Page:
Figure Legend Snippet: RADICL-seq method for the identification of RNA-chromatin interactions. a) Schematic representation of the RADICL-seq protocol. Top: sequence of enzymatic reactions taking place in fixed nuclei after partial lysis of the nuclear membrane. The adduct formed by genomic DNA (black), RNA (red) and proteins (blue circles) goes through controlled DNase digestion and chromatin preparation. After RNase H digestion, an adapter (dark blue) containing an internally biotinylated residue (black dot) bridges RNA and DNA in close proximity. Bottom: sequence of enzymatic reactions performed in solution. After reversal of crosslinks, the RNA-DNA chimera is converted into a fully dsDNA molecule and digested by EcoP15I enzyme to a designated length. After ligation of the sequencing linker and biotin pull-down, the library is PCR-amplified and high-throughput sequenced. b) Reproducibility of the RNA-DNA interaction frequencies across replicates, assessed by counting the occurrences of transcribed genes and 25 kb genomic bins pairs. c) RNA and d) DNA tags origin. The inner pie charts represent a broader classification into intergenic and genic (annotated genes), while the outer circles show a finer classification of the genic portion. e) Nuclear and f) cytosolic RNA-seq tags comparison with RADICL-seq RNA reads gene counts. The former are normalized to tags per million (TPM), while the latter are normalised to reads per kilobase (RPK). The linear regression lines are shown in red. g) Density of the normalized counts of DNA reads detected by RADICL-seq around ATAC-seq (red), DHS-seq (green) and H3K9me3 ChIP-seq (blue) peaks; dashed lines represent the density profiles of random genomic reads.

    Techniques Used: Sequencing, Lysis, Ligation, Polymerase Chain Reaction, Amplification, High Throughput Screening Assay, RNA Sequencing Assay, Chromatin Immunoprecipitation

    38) Product Images from "RNA from a simple-tandem repeat is required for sperm maturation and male fertility in Drosophila melanogaster"

    Article Title: RNA from a simple-tandem repeat is required for sperm maturation and male fertility in Drosophila melanogaster

    Journal: eLife

    doi: 10.7554/eLife.48940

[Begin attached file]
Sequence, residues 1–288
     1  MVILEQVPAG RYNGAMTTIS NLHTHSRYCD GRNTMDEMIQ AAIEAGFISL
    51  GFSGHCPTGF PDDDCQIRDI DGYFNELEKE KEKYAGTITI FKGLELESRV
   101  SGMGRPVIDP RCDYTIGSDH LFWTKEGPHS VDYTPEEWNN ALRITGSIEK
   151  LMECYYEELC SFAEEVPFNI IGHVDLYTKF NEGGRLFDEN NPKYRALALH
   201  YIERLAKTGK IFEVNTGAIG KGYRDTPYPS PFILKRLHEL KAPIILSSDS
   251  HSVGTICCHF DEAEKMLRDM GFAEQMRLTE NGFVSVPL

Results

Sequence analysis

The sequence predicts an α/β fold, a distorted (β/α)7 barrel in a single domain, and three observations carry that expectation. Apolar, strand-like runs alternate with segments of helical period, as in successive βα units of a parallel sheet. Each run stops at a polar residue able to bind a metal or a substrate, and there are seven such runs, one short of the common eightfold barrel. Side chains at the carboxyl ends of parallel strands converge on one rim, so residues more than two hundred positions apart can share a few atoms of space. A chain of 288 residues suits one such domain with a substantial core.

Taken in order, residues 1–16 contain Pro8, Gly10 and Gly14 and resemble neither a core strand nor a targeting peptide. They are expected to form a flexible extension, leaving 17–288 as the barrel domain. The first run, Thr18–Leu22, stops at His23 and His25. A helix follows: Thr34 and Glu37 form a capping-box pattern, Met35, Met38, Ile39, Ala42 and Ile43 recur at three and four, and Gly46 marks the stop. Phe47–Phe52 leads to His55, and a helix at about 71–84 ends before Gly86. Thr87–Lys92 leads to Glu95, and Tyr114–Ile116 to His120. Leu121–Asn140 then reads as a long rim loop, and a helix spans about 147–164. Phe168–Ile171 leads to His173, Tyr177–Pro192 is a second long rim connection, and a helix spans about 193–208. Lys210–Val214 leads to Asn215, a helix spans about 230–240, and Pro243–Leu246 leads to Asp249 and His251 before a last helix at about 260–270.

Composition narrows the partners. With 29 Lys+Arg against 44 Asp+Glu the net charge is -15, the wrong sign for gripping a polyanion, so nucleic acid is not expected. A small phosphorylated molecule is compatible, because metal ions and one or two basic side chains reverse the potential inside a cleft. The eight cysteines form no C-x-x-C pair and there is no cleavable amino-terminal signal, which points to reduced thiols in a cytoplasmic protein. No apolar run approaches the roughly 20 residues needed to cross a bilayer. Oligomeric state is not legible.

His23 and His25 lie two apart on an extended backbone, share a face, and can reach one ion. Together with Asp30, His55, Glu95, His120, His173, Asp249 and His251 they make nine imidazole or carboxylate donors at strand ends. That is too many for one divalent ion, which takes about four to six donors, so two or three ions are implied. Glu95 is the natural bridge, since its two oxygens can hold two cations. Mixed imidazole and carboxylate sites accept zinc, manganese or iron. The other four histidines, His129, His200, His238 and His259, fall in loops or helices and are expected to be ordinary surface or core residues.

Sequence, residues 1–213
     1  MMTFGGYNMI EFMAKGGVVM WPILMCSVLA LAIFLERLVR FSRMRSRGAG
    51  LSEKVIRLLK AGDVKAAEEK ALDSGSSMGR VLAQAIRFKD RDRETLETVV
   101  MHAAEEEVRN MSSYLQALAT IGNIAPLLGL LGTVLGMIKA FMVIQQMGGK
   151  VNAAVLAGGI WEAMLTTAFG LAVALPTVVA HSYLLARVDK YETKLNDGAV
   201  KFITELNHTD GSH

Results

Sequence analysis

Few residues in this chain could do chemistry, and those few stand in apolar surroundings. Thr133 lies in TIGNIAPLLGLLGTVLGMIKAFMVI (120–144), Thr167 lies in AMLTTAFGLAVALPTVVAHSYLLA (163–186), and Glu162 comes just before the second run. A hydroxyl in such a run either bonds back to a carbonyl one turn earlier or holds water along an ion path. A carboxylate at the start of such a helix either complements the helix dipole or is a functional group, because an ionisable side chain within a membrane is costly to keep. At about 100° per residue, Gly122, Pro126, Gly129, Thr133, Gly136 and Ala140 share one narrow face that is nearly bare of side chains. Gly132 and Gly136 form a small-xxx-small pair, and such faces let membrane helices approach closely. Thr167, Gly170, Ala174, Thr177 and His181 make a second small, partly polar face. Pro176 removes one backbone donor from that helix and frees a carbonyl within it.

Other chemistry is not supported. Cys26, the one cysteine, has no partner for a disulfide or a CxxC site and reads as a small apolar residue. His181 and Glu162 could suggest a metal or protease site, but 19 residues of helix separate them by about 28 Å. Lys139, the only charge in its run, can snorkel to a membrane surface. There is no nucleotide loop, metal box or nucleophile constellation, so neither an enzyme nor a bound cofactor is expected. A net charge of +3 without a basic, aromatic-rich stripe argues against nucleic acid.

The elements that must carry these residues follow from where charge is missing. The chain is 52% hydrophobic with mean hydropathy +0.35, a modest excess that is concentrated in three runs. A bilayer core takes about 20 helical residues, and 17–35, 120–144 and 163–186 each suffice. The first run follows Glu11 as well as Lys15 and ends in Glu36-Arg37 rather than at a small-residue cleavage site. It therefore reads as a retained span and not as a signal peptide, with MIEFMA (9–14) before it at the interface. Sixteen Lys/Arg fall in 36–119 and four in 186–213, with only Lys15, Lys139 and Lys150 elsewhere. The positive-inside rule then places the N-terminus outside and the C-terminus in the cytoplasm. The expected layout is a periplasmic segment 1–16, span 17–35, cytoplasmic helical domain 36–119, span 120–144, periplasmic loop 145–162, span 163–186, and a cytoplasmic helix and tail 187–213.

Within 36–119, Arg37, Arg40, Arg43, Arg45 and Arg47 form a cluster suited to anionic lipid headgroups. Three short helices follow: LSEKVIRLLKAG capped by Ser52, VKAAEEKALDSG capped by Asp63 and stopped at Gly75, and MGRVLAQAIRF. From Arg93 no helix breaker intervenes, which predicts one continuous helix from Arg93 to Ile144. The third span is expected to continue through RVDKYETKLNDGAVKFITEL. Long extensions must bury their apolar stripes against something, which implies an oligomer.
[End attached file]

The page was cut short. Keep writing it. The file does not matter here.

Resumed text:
AAGAG RNA-FISH localizes RNA and not DNA. Confocal sections of cycle 14 nuclei treated with either ( a ) RNAseH or ( b ) RNAseIII after AAGAG RNA probe (magenta) hybridization. A higher laser intensity for the AAGAG probe channel was used in b to demonstrate abolishment of AAGAG signal.
    Figure Legend Snippet: AAGAG RNA-FISH localizes RNA and not DNA. Confocal sections of cycle 14 nuclei treated with either ( a ) RNAseH or ( b ) RNAseIII after AAGAG RNA probe (magenta) hybridization. A higher laser intensity for the AAGAG probe channel was used in b to demonstrate abolishment of AAGAG signal.

    Techniques Used: Fluorescence In Situ Hybridization, Hybridization

    AAGAG RNA foci contain single-stranded RNA and are not associated with R-loops. Confocal sections of embryonic nuclei in cycle 14 (with exception of left panel in ‘b’), nuclear periphery outlined in dotted circles. ( a ) No RNase control. ( b ) Treated with RNaseIII (left nucleus is cycle 12) ( c ) RNaseH ( d ) RNase1 and ( e ) RNaseA.
    Figure Legend Snippet: AAGAG RNA foci contain single-stranded RNA and are not associated with R-loops. Confocal sections of embryonic nuclei in cycle 14 (with exception of left panel in ‘b’), nuclear periphery outlined in dotted circles. ( a ) No RNase control. ( b ) Treated with RNaseIII (left nucleus is cycle 12) ( c ) RNaseH ( d ) RNase1 and ( e ) RNaseA.

    Techniques Used:

    39) Product Images from "Formation and Repair of Mismatches Containing Ribonucleotides and Oxidized Bases at Repeated DNA Sequences *"

    Article Title: Formation and Repair of Mismatches Containing Ribonucleotides and Oxidized Bases at Repeated DNA Sequences *